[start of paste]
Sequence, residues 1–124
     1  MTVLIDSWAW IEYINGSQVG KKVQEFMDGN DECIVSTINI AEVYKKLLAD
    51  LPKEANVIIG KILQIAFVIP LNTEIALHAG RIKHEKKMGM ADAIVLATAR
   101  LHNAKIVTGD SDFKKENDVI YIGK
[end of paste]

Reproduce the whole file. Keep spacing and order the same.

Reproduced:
Sequence, residues 1–124
     1  MTVLIDSWAW IEYINGSQVG KKVQEFMDGN DECIVSTINI AEVYKKLLAD
    51  LPKEANVIIG KILQIAFVIP LNTEIALHAG RIKHEKKMGM ADAIVLATAR
   101  LHNAKIVTGD SDFKKENDVI YIGK